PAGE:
Twitter Fight Club – a view from the canvas
Habermas and Balls
The notion was good: A modest aim for ‘a bit of a chat’ about that-there EU on the Twitters, with a bit of good humoured snarking.
It started in the US, where a community of policy wonks decided to launch a “Twitter Fight Club” contest (or “TFC”). They traded smackdowns and shared information. The one deemed to be the “best” at it “won.”
And then one bright-eyed idealist decided to do the same for Europe. Or the EU (and in that distinction lies some of the complexity).
@ShearmanM off-of the Twitters set the contest up and invited participants.
Yours truly duly volunteered for twattle, as did an assortment of other EU watchers.
But would we tweet ourselves up our own fundaments, or contribute – in however an incremental (as opposed to excremental) way – to the grand ideal of some undefined “European Public Sphere”?
Truth is, a bit of both.
And necessarily so.
The ‘European Public Sphere’ is an awful translation of a lofty concept championed by German philosopher Jürgen Habermas.
It is a way of describing some metaphysical common “discursive space” [*beurk*] of and about Europeanness.
That it has been wholly embraced by EU policy makers is no recommendation to the notion.
And the week-long euro “TFC14” contest (yes… a week long) has exposed the philosophical concept’s limitations.
Common discursive spaces only work as long as there is common language.
And we’re not talking about English here (the lingua franca of much of the badinage, to borrow un mot juste).
To crash Habermas uncomfortably into Wittgenstein here (yes, I’m citing Wittgenstein), there’s a mismatch in ‘language games’ in Jürgen’s cherished concept.
Cultural exchanges across Europe have kept the continent largely in step as it meandered through artistic movements. Visual and aural cues can belong to the same common language, and an elite of literates and an even cosier elite of polyglot scribes helped to keep the creative written word largely in line with cultural trends over the centuries.
But politics and the people subject(-ed) to them do not play the same language game.
The terms of political reference between each European nation are vastly different, not least in the legal grounding that underpins any given regime.
And the actual means of communication of people differ not just in language, but also in language ‘game’ – in terms of reference.
The language issue per se (French v Spanish v Dutch etc) out of the way, what are the common terms of reference of ‘Europeans’? I mean when actually talking about actual things, not intangible notions of ‘freedom’ and ‘democracy’ and the like.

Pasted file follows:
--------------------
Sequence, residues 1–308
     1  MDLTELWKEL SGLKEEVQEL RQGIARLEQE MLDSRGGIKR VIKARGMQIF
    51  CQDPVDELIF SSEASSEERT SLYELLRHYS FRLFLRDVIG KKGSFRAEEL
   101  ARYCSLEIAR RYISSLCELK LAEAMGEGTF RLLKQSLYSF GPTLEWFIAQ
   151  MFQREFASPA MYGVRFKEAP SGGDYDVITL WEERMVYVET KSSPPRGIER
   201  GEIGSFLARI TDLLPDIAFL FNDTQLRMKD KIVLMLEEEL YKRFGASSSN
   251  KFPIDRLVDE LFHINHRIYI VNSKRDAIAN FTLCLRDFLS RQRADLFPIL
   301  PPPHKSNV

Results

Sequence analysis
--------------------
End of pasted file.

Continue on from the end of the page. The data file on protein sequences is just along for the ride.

There’s a good chance a European Public Sphere can safely refer to Merkel, Cameron, Hollande, Obama, Putin, Ukraine, and a smattering of other big-enough terms of reference.
Otherwise, if you hand the common subject of ‘Europe’ over to the minds, mouths and thumbs of a common group of people, if they are to talk about anything more than that, they will need to find or engage in deeper terms of reference: a language game of their own.
And that’s what we did.
To occasional (justified) claims of being insular and beltway, we traded puns about jargon and procedure, created memes out of Habermas and European Parliament Canteen Protocol (guilty), and retweeted each other incestuously.
But I’d like to think that in the process we stretched the beltway.
I think most TFC contestants saw an uptick in followers. And no language game is closed to other participants. If, in stretching the beltway, the common European terms of reference for discussion, snark and banter inched (or millimetred) further out from the narrow band of Merkels/Ukraines etc, we may allow ourselves to think that the TFC week wasn’t just the idle blurtings of a bunch of euro-nerds who should be concentrating on their day jobs.
I don’t expect a citizen (pronounced “sdzn”) to appreciate – or even want to appreciate – the finer points of delegated acts or the relative weight of olives in an EU institution salad.
But the focus and momentum – however small – TFC brought to a whole range or other European topics may have perhaps helped to bring them more into the public conscience. In this respect the latest televised debate between the self-proclaimed candidates to run the European Commission couldn’t have been better timed. That broadcast, and the social-media blurting that surrounded it, have nudged Schulz, Juncker, Verhofstad and Keller a little closer into the light.
Perhaps the ultimate extension of this Habermasian-Wittgensteinian mash-up is that there is no Single European Public Sphere, and cannot be one, much as its harmonised concept and Big Ideas may appeal to EU lawmongers.
There are, rather, lots of little spheres, of varying sizes, all in one bag.
Just need to take care not to lose them.
I hereby declare this metaphor… broken.
Oh, and VOTE BERLAYMONSTER.
The contest ends today.